Zoom Defends Why Users On Free Tier Won’t Have Encrypted Video Meetings
By Mikelle Leow, 04 Jun 2020
Image via Shutterstock
Zoom’s CEO Eric Yuan has confirmed that free, limited accounts will not enjoy end-to-end encryption for video calls, a decision that has left users with a bitter taste in their mouths.
At the financial performance announcement for the video conferencing software, Yuan justified, “Free users, for sure, we don’t want to give [end-to-end encryption]… we also want to work it together with FBI and local law enforcement, in case some people use Zoom for bad purpose.” The statement left customers agape as some felt the company was pandering to authorities.
Alex Stamos, Zoom’s security consultant, later swooped in to say that the CEO’s comments were not accurate. On Twitter, he explained that the company is “dealing with some serious safety issues” and is handling a “difficult balancing act” of strengthening privacy measures while weeding out abusive disruptions like “hate speech, CSAM, exposure to children and other illegal behaviors.”
Stamos elaborated that malicious hosts would typically use VPNs to spoof their locations and register using burner email addresses. By taking away end-to-end encryption from the basic tier, Zoom can cooperate with law enforcement to take action on “the worst repeat offenders.”
“Will this eliminate all abuse? No, but since the vast majority of harm comes from self-service users with fake identities, this will create friction and reduce harm,” the security expert elaborated.
Stamos stressed that end-to-end encryption is still available for business and enterprise accounts—including those with fully-subsidized subscriptions like schools—but not for the “limited, self-service free tier.”
Notably, he said Zoom does not monitor meetings in secret and “will not in the future.”
“Zoom doesn’t record meetings silently. Neither of these will change,” he added.
Some facts on Zoom's current plans for E2E encryption, which are complicated by the product requirements for an enterprise conferencing product and some legitimate safety issues.— Alex Stamos (@alexstamos) June 3, 2020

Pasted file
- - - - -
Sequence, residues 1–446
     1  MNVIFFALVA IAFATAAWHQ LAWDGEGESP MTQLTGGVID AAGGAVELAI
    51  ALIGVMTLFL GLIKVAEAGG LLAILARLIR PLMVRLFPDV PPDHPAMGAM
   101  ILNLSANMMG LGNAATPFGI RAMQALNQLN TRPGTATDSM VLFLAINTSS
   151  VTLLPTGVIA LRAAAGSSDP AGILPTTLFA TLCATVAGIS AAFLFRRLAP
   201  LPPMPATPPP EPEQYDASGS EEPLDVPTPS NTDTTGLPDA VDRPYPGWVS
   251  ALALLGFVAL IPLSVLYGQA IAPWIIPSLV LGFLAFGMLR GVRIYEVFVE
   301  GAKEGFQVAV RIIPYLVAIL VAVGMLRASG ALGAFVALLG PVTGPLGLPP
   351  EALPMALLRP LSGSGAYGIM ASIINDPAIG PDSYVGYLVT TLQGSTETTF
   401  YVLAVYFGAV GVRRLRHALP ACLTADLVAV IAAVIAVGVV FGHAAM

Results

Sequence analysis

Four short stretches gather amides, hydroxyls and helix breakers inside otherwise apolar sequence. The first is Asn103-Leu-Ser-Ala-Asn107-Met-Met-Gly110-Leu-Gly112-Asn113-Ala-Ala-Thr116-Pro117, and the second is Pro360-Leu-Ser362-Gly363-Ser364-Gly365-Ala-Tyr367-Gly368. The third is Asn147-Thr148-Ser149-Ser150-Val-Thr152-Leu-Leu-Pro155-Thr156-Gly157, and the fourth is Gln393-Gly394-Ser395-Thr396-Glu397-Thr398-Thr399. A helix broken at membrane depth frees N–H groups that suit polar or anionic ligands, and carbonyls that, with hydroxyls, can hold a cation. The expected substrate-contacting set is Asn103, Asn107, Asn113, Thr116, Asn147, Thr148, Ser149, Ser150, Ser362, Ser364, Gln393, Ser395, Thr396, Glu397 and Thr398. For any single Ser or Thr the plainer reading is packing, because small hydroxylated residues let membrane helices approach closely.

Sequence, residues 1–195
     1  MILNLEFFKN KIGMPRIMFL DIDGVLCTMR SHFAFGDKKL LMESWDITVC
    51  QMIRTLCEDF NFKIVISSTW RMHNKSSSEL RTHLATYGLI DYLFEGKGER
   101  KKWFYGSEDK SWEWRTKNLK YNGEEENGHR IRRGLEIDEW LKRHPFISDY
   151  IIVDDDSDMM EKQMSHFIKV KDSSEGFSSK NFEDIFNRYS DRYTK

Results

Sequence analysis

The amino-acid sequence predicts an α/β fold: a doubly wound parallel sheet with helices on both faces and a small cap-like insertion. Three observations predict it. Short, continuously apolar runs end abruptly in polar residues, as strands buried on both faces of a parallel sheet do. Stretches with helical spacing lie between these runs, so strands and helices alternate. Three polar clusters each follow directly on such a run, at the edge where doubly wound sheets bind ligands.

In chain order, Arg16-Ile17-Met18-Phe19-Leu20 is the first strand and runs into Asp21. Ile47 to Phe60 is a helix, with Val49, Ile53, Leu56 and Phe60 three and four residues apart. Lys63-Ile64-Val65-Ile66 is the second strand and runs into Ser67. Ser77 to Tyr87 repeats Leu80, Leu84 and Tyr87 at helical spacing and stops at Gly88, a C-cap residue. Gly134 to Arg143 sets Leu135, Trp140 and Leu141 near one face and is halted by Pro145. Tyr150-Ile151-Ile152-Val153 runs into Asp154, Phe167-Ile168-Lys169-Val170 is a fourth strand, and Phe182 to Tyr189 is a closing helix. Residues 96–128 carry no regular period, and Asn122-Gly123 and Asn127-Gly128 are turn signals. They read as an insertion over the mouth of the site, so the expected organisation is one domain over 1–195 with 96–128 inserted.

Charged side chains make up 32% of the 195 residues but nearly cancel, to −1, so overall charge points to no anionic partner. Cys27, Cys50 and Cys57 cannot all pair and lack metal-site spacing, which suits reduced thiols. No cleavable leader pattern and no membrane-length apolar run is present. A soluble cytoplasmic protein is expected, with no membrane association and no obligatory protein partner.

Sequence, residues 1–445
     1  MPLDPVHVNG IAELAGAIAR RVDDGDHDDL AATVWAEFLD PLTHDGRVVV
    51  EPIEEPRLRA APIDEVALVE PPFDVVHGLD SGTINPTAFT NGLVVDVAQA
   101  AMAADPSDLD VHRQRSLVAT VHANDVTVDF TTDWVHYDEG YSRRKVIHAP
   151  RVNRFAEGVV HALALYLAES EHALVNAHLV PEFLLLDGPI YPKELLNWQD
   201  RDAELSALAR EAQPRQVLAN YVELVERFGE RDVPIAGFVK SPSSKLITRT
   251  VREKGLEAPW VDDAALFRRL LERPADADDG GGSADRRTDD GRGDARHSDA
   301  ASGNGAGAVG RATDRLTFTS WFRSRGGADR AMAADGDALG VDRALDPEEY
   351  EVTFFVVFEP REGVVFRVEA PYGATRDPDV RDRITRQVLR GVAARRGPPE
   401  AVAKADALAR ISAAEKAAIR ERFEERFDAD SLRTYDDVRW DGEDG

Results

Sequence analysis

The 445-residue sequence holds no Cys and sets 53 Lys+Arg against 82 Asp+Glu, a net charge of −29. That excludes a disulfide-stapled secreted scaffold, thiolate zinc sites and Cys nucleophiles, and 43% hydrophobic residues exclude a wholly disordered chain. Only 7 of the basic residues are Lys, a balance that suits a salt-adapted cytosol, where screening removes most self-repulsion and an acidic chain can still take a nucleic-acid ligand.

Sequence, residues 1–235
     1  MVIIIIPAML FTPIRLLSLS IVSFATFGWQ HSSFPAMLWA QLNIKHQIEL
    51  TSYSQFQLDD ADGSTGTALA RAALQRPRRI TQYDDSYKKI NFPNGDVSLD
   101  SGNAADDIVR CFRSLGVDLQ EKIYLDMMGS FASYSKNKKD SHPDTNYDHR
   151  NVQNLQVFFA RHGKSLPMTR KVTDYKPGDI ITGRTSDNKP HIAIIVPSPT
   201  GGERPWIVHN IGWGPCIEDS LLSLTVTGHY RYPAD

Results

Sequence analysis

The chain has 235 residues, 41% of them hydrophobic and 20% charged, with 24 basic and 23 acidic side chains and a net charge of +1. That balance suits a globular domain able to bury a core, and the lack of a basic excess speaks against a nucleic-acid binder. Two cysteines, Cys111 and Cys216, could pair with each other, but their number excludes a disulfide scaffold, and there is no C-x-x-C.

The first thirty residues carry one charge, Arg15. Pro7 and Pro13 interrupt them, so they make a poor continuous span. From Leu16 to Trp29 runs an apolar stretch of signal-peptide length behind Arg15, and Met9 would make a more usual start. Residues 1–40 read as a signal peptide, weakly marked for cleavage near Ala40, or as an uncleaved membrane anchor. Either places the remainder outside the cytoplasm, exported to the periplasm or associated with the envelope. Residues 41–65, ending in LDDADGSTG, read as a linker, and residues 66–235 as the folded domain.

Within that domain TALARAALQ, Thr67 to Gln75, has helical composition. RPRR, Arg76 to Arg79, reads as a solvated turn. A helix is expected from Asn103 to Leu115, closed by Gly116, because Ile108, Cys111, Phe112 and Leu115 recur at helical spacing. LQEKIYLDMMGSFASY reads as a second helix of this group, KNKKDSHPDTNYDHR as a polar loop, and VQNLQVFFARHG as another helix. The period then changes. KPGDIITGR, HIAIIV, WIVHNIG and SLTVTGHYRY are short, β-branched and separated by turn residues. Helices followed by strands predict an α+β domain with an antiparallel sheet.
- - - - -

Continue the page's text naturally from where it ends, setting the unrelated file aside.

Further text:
The E2E design is available here:https://t.co/beLdeAwMSM
Zoom does not proactively monitor content in meetings and will not in the future. Zoom doesn't record meetings silently. Neither of these will change.— Alex Stamos (@alexstamos) June 3, 2020
Our goal is to offer an end-to-end encryption solution that provides a stronger guarantee.
Zoom is dealing with some serious safety issues. When people disrupt meetings (sometimes with hate speech, CSAM, exposure to children and other illegal behaviors) that can be reported by the host. Zoom is working with law enforcement on the worst repeat offenders.— Alex Stamos (@alexstamos) June 3, 2020
Zoom's Trust and Safety team can, if they have a strong belief that the meeting is abusive, enter the meeting visibly and report it if necessary.— Alex Stamos (@alexstamos) June 3, 2020
So this creates a difficult balancing act for Zoom, which is trying to both improve the privacy guarantees it can provide while reducing the human impact of the abuse of its product.— Alex Stamos (@alexstamos) June 3, 2020
The current decision by Zoom's management is to offer E2EE to the business and enterprise tiers and not to the limited, self-service free tier.— Alex Stamos (@alexstamos) June 3, 2020
A key point: organizations that are on a business plan but are not paying due to a Zoom offer (like schools) will also have E2EE.
This is a hard balance. Zoom has been actively seeking input from civil liberties groups, academics, child safety advocates and law enforcement. Zoom hopes to find a common ground between these equities that does the most good for the most people.— Alex Stamos (@alexstamos) June 3, 2020
[via Engadget, cover image via Shutterstock]
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